Voices: Sunak hopes TV debates can change his fortunes – they might just make matters worse

voices: sunak hopes tv debates can change his fortunes – they might just make matters worse

MAIN_RISHI_STARMER.jpg

The plot twist has been postponed again. Those of us waiting for the election narrative to change are still waiting. I wrote a couple of months ago that Labour would have a wobble before the election.

Party loyalists disapproved of my suggestion that there was bound to be at least one episode of panic at Labour HQ before election day, because the opinion polls were likely to narrow, either as a result of random variation or of events. They can be pleased that it hasn’t happened yet. If there is a Labour wobble, it will now happen during the campaign itself.

And if it does happen, it is likely to resemble the episode during the Conservative election campaign in 1987, when David Young grabbed Norman Tebbit by the lapels and told him, “We’re about to lose this effing election!” Margaret Thatcher won with a majority of 102.

The predictable “events” that might change the narrative are the TV debates. The first TV debate in a British election campaign, in 2010, transformed public opinion. Nick Clegg’s sub-Blairite bipartisan reasonableness came as such a shock to the voters that the Liberal Democrats briefly took the lead in the opinion polls, and they spent the last two weeks of the campaign neck and neck with Labour behind the Tories, before falling back to third place on election day.

No wonder Rishi Sunak is pushing for as many TV debates as he can get. He and his team know that they can be a game-changer. No wonder Keir Starmer is resisting, and proposing two rather than six. He and his team know the same. It is never in the interest of the frontrunner to agree to TV debates. The only reason they happened in 2010 was that David Cameron had challenged Gordon Brown to hold them when Cameron was the underdog, and the Tory leader was too arrogant and inflexible to get out of them when Brown said, “All right then” three years later, when their roles were reversed.

We should not be surprised if Starmer’s team manage to obfuscate so that even the two debates to which he has agreed in principle become bogged down in disputes. Should it be just the two of them? What about the Lib Dems? And Reform? And the Greens? What about a seven-way debate with John Swinney of the SNP and Rhun ap Iorwerth of Plaid Cymru?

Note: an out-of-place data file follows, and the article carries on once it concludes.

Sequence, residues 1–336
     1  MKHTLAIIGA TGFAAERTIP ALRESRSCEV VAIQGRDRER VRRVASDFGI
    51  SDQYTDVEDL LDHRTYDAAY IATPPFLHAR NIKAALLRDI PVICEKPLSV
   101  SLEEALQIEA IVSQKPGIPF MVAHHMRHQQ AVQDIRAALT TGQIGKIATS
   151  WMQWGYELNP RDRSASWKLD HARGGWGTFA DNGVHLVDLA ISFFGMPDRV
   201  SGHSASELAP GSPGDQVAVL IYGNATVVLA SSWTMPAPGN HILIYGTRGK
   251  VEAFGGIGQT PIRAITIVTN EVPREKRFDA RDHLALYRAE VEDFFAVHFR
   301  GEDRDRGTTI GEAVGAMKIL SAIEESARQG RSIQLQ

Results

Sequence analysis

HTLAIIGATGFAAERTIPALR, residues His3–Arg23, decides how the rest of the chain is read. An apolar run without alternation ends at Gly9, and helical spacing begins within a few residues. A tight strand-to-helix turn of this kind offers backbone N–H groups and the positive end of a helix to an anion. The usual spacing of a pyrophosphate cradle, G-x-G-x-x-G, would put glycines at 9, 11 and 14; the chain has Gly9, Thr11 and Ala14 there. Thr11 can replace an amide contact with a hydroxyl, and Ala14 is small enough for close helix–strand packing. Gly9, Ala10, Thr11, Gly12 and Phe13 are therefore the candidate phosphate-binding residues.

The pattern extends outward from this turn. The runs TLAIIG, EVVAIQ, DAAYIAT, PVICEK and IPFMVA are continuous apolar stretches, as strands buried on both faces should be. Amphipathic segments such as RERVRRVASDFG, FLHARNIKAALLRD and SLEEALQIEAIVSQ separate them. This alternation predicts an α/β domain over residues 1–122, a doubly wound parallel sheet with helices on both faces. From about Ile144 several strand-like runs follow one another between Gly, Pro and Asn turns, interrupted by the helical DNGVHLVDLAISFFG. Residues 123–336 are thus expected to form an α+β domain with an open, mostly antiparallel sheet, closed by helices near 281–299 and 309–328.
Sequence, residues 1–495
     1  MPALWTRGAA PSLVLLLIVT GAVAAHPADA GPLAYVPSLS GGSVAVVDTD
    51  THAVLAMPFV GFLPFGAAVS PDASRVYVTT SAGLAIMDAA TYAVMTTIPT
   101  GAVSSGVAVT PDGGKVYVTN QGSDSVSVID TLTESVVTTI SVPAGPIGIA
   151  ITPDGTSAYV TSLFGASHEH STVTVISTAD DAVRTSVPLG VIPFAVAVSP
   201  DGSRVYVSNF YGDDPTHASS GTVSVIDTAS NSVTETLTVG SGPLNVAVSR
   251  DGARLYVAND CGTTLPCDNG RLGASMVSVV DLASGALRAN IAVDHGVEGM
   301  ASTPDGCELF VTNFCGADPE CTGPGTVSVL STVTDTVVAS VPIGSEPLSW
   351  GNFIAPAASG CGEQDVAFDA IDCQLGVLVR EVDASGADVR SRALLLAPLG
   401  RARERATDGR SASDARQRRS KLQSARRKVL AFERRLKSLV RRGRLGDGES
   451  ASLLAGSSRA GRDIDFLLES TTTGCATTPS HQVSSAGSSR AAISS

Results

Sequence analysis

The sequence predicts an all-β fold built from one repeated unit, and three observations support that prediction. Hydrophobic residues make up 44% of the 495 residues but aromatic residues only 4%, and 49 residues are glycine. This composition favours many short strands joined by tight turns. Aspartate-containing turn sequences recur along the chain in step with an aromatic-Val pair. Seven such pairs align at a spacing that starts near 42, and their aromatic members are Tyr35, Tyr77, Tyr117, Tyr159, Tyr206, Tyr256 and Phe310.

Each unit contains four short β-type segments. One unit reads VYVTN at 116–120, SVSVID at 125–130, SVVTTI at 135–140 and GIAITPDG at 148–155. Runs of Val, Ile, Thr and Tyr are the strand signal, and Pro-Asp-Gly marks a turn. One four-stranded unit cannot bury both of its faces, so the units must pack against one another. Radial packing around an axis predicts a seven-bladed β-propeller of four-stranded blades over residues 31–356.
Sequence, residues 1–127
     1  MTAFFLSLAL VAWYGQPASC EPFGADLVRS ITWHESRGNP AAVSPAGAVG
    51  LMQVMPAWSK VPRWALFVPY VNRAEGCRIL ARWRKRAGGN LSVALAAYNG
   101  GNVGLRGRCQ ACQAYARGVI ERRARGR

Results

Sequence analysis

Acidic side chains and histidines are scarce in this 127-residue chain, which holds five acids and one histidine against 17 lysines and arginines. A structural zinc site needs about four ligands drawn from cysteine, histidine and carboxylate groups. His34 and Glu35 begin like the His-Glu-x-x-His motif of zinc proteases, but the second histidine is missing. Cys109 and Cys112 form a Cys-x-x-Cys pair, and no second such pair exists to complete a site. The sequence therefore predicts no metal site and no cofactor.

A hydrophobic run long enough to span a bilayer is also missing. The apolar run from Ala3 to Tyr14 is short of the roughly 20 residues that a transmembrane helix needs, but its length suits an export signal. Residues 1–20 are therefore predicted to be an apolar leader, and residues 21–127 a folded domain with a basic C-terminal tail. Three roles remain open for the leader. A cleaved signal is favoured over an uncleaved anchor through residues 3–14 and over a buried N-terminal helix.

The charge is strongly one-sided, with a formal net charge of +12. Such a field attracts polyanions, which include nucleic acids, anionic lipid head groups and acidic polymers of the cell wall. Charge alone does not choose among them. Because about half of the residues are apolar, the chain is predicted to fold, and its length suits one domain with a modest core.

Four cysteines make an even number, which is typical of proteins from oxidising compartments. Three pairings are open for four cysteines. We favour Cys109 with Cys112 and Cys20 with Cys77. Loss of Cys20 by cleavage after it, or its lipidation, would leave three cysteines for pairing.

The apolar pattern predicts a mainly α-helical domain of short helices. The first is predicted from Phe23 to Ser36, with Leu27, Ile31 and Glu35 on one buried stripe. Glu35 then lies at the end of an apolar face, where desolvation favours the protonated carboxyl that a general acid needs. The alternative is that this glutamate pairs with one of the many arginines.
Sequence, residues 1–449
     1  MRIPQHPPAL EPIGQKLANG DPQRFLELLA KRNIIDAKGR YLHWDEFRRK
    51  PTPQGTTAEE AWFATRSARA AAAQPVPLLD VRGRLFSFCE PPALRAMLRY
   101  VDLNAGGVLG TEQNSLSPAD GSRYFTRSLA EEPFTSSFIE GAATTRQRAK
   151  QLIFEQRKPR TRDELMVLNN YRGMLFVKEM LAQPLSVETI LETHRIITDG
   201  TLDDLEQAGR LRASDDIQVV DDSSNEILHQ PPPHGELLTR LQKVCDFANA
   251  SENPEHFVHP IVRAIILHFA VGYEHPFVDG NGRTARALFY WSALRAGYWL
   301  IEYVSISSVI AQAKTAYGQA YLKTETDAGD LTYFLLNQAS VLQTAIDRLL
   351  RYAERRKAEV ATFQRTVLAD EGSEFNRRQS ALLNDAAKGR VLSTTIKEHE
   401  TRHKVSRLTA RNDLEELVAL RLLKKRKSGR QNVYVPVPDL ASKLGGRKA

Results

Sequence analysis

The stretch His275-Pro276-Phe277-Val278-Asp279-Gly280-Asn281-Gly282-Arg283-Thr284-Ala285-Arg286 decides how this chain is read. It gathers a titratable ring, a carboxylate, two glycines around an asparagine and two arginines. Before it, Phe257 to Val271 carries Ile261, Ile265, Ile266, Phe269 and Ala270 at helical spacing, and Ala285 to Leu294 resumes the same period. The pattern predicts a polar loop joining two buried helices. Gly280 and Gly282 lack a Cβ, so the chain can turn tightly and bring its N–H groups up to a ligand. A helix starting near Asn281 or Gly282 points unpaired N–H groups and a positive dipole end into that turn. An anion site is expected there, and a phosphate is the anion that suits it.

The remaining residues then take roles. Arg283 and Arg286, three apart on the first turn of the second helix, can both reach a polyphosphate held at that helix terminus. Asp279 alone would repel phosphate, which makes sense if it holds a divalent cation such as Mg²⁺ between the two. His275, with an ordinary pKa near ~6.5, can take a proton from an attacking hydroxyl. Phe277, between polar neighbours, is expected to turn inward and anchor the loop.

The stakes are high because a lot of people watch TV debates. They can be derided as shallow exchanges of over-rehearsed sound bites but for many voters, they will be the first time they have paid attention to the choice between Sunak and Starmer as prime minister.

Sunak’s team think their man is good in such situations. I am told that they watch Prime Minister’s Questions with TV debates in mind, knowing that Starmer won’t be able to read out his lines as he does in the Commons. They are often surprised that the Labour leader appears not to have paid attention to Sunak’s replies, asking a question that has just been answered.

Sunak is quick and can improvise; indeed, he is at his best when improvising, as opposed to reciting memorised lines, which he does accurately but lifelessly.

They hope a good TV debate performance could give journalists what they desperately crave: a new storyline. Suddenly, they hope, the rain-soaked speech calling the election will be recast as plucky Britishness: a prime minister determined to follow tradition in the teeth of a light drizzle. All the missteps of the campaign’s early days – including accidentally scrapping the bill to enact one of his proudest legacies, the smoking ban – will be turned around into the narrative of the Comeback Kid. Daunted on all sides by the pratfalls of the campaign trail while traitors abandoned him, the underdog kept his head, stayed focused on the prize, and prevailed against all the odds.

They should not bank on it. There may well be a Labour wobble during this campaign. As Patrick Maguire, the party’s best chronicler, put it this week: “Something will wobble: a leak, a policy, a candidate, a shadow cabinet minister going the full Prescott. Let’s be honest: the media will want something to wobble.”

But it may not be the TV debates that do it. Sunak’s brilliance in debate may be his undoing. He was considered to have done badly in the TV debates in the Tory leadership election two years ago. He took Liz Truss’s arguments apart in ways that were richly vindicated by later events, but at the time he was given bad reviews for patronising her, talking over her and generally being an arrogant know-it-all.

The thing about a plot twist is that it should not be in a direction that the audience expects. Every time I thought that the narrative may be about to change, it got worse for Sunak instead.

It may be that the twist is that the election campaign goes even worse for the Tories than the moderate catastrophe that is already widely expected. The ending could be like that in Journey’s End, RC Sherriff’s claustrophobic First World War play, set in the trenches, in which Stanhope, the company commander, is “speculating moodily on the worm that went down when it thought it was coming up”.

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